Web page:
An 11th-hour deal between Pikitup and striking Samwu workers has saved Joburg residents from more trash piling up on the citys streets over the festive season. Photo: Bhekikhaya Mabaso

Johannesburg - Loud bangs and a flash of light followed volleys of rubber bullets being fired as Pikitup protesters ran for cover in Juta Street in Braamfontein.

A torrent of stones, refuse and glass bottles rained down as the protesters fought back.

Undeterred, the police continued shooting and throwing teargas canisters at the crowd of protesters.

These scenes played out on Thursday as the illegal strike by Pikitup employees entered its fourth day.

The employees embarked on the illegal strike over alleged corruption within the Pikitup executive and management, salary grievances, claims of nepotism and transport issues.

Thursday’s pandemonium followed a morning clean-up of Braamfontein’s streets after Pikitup spewed rotting refuse along roads during the recent protests.

Joburg mayor Parks Tau, members of the mayoral committee and Pikitup management came together in a bid to take back the streets and restore cleanliness and order.

“We want to get the situation back to normal as soon as possible,” Tau said.

But the workers, striking under the banner of the SA Municipal Workers' Union (Samwu), were determined to make their point.

“We are not scared, they must be scared!” said one protester, pointing to the police.

“We are doing nothing wrong! Nothing!” the man added.

A man driving a bakkie tried to run officers down.

The police shot back at them, shattering the bakkie’s window as a stand-off between the two began. Several times, the driver of the vehicle made a U-turn and tried to hit police officers.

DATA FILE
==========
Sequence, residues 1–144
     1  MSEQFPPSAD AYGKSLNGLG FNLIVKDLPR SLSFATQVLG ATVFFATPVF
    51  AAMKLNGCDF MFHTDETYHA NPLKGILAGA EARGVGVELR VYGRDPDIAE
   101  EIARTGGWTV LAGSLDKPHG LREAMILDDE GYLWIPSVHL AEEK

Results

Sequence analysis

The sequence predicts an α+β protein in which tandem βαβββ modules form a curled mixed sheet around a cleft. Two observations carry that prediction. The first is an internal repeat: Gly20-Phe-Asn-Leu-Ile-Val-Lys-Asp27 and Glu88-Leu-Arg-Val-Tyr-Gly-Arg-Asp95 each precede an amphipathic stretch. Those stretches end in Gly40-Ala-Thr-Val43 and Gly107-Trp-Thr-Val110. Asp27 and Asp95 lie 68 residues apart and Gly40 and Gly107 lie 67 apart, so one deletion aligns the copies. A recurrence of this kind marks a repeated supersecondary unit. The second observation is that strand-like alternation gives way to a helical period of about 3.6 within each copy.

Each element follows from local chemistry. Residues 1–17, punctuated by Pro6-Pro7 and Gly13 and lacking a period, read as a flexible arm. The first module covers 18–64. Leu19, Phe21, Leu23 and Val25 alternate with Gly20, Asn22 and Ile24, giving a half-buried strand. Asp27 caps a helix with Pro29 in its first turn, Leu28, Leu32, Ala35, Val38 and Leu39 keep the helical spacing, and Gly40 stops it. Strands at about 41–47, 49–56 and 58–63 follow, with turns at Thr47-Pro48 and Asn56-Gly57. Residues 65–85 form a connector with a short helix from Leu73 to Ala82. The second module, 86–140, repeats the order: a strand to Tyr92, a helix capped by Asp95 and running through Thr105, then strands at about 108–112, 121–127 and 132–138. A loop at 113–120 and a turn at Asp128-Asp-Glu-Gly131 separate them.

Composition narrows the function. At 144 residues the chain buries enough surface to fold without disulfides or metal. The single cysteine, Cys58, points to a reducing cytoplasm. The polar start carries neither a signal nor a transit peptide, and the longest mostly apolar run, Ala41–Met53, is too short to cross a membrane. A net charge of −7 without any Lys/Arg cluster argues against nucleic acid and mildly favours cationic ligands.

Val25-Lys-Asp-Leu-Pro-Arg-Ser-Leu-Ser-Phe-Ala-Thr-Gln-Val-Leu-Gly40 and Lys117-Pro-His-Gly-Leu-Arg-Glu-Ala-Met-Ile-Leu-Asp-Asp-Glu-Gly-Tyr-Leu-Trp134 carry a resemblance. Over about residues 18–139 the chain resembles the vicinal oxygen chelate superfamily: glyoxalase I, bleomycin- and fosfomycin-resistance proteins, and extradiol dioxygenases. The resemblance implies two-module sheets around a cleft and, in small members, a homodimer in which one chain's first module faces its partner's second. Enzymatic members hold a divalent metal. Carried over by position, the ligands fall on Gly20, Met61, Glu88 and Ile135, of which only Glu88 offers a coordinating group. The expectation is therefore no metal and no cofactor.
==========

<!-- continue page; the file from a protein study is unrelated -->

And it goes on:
The officers responded by firing more rubber bullets. At one stage, a driver emerged from his vehicle holding a club, threatening to hit police who pointed their guns at him.

As the stand-off escalated, firearms from both sides were drawn. A group of unarmed protest leaders rushed forward, pleading with the warring parties to put their guns away. “Stop! Stop! Hey Stop!” they shouted at a protester brandishing his club.

Others held him back as he tried to attack police.

Protest leaders appealed to police to put their firearms down. But the police again began throwing teargas and flash bangs. Suddenly, it started raining glass as people from the nearby flats threw bottles at the police, who fired rubber bullets at them.

“They are going to kill us,” shouted one woman, as she streaked past, dodging rubber bullets. Police retreated as the crowd regrouped and pelted them with stones. Moments later three water cannon drove forward spraying marchers as more flash bangs were thrown. The crowd dispersed.

No injuries were reported, Joburg Emergency Medical Services spokesman Robert Mulaudzi said.

Pikituip managing director Amanda Nair said grievances had not been presented in the correct format.

“We have received nothing in writing, such issues need to be investigated. We are open to any scrutiny,” she said.

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The Star

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